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Increased Impedance/Resistance = Low Volume

post #1 of 17
Thread Starter 

Hey, i use 32 ohm sennheiser hd407 and creative x-fi go pro sound card. (i dont know the soundcard's impedance, if you find it i'd be very grateful)

I was having buzzing at bass, so i decided to make a 100 ohm adapter cable. It worked to fix the buzz, but cut the volume down like %50. So, is there any way to increase volume, besides amplifiers?

If i make a 50 ohm cable instead of 100 ohm, will it work too with the equipment which i said up there?


Edited by NAeternal - 7/15/12 at 8:06am
post #2 of 17

Are you listening at a fairly high volume?

You may be running out of power?

The 50 ohm resistor will still decrease the volume somewhat.

post #3 of 17
Thread Starter 

Can you compare 50 ohm and 100 ohm adapter cable, (assuming 50 ohm will fix the buzzing too) at volume base

post #4 of 17
Thread Starter 

Well, looks like noone responses, i will try to build 50 ohm adapter cable tomorrow and share the results.

post #5 of 17

Sorry man, if you really want to increase the volume (assuming you need more power) you need to buy an amp.

 

Is your X-Fi a little USB key with a headphone jack?


Edited by Chris J - 7/15/12 at 5:20pm
post #6 of 17
Thread Starter 

yes it is, but without the resistance imported, the volume level is great. (i mean the direct connection with headphone's jack, sound card's output)

it is just the addition of the resistance (100 ohm), cut down the volume like %50. 

i was wondering, if i'd use 50 ohm resistance cable, instead of 100. would it be still the same? if not how much volume gain i'd get, compared to 100 ohm ones.

edit: well, i find out there are no 50 ohm resistors, so let's say 47 ohm or 56 ohm. doesn't matter actually, you got the idea.


Edited by NAeternal - 7/16/12 at 1:57am
post #7 of 17

Yes, with 47 or 56 ohm you will loose a lot of volume.

post #8 of 17

(Voltage Squared)/Resistance = Power.  An impedance of 132 ohms will receive about 24% as much power.  That's about -6.2 decibels (65% perceived volume).  To achieve a perceived 50% volume, 10 decibels must be lost, which would require a cable with 288 ohms (10x the resistance, or 1/10th power).  A 50 ohm cable will put you at -4dB (76% perceived volume).


Edited by iZMXi - 7/16/12 at 4:26am
post #9 of 17
Thread Starter 

Well, iZMXi that was the answer which i needed, thank you so much.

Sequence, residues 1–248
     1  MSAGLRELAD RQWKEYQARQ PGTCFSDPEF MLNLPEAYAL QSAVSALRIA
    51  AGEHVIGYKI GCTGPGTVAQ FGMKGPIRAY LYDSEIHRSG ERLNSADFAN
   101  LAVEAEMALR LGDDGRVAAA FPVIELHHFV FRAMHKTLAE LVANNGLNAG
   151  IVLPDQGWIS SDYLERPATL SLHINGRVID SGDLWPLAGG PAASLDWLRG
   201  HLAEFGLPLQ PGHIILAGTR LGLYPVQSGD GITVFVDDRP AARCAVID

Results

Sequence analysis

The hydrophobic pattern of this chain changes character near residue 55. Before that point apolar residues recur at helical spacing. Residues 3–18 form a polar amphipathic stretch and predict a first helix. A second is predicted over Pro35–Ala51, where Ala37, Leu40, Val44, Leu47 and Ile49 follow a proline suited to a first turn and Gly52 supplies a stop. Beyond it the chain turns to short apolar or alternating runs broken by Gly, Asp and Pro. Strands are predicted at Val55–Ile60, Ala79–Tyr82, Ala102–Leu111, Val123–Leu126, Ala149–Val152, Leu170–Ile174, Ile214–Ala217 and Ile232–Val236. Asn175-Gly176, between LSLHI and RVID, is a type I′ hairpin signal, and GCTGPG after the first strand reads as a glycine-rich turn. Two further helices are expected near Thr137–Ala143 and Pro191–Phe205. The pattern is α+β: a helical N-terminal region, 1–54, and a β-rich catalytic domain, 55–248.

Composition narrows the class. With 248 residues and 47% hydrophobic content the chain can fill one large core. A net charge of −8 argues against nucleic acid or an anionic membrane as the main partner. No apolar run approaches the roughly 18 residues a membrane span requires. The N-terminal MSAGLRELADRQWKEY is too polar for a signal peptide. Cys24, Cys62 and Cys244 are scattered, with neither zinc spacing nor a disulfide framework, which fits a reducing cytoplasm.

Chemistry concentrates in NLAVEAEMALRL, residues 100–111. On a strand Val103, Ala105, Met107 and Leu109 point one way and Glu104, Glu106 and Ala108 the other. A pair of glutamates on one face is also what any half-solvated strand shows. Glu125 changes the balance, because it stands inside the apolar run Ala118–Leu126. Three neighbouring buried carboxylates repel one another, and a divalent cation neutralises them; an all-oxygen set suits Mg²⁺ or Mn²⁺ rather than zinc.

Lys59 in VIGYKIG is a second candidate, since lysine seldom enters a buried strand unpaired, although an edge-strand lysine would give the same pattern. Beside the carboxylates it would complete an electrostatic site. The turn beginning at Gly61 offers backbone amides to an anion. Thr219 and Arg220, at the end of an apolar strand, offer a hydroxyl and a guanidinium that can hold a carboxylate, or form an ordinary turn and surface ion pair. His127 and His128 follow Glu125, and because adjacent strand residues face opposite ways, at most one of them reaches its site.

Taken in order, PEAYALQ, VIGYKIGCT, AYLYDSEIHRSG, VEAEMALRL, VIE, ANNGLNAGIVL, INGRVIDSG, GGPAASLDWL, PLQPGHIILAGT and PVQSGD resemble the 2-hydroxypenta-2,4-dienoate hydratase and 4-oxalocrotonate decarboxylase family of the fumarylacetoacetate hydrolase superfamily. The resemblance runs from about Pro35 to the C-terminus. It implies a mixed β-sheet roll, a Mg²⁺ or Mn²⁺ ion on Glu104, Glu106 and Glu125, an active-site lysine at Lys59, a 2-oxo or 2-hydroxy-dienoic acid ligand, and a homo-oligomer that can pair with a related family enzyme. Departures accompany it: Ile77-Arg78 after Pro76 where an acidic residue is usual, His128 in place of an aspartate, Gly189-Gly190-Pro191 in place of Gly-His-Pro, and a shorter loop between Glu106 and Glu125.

So, is there any solution to boost the volume up, besides amps cause they are kind of expensive in my country

Another question

would a fiio e5 (in example) make the perceived volume up from %65 to like %90 or something?

post #10 of 17
Quote:
Originally Posted by iZMXi View Post

(Voltage Squared)/Resistance = Power.  An impedance of 132 ohms will receive about 24% as much power.  That's about -6.2 decibels (65% perceived volume).

 

That is not entirely correct, since it is the power into the headphones that matters, the rest just heats the resistor. Therefore, the real volume reduction is 20 * log10(32 / 132) = -12.3 dB.

post #11 of 17
Thread Starter 

Well, that means 4.5 db difference between 47 ohm and 100 ohm resistor, still not that good?

Actually my headphone vol is good @ %100, but it is the feeling of "i can't increase the volume more" that bothers me.

Lets hope 79 ohm (-7,84954226 db) is gonna be enough for me, and still fix the buzzing ofc. 

one last question for me and the people that want an enlightenment for this matter

my current resistor is 100 ohm 11 watt, if it was 100 ohm 2 watt, would be there volume increase (more power to the headphones)?


Edited by NAeternal - 7/16/12 at 2:18pm
post #12 of 17

No way.

They are both still 100 ohm resistors. Sorry!

In your case, it is the resistor's value that is of significance. Not the resistor's power rating (it's Watt rating).

Headphone amps usually only output a few thousandths of a Watt,  i.e. much less than one Watt.

 

If you can't increase the volume any more with zero resistance, adding more resistance will only make things worse.

 

Sounds like you need an amp.

post #13 of 17
Thread Starter 

Well, i bought a 47 ohm 2 watt resistor today

Removed the 100 ohm one and imported 47 one, it means -7.8 db decrease in volume. [20*log10(32/79)]

So i added +7.8 db from soundcard driver's equalizer. Same volume output as the zero resistance, with no distortion. Fixed the buzzing at the bass problem that happens with zero resistance too. 

Win!


Edited by NAeternal - 7/17/12 at 9:15am
post #14 of 17

well you will get distortion, maybe you just cant hear it, or havent come across any tunes yet that are hot enough that your increase in level digitally clips the onboard amps input. your USB thingo is limited to the voltage USB can supply, which is a rather paltry 5v

post #15 of 17
Thread Starter 

Well, yes there is a distortion. So only thing left is buying an amp.

But i think it wont worth for a 50 $ usb soudcard.


Edited by NAeternal - 7/17/12 at 1:03pm
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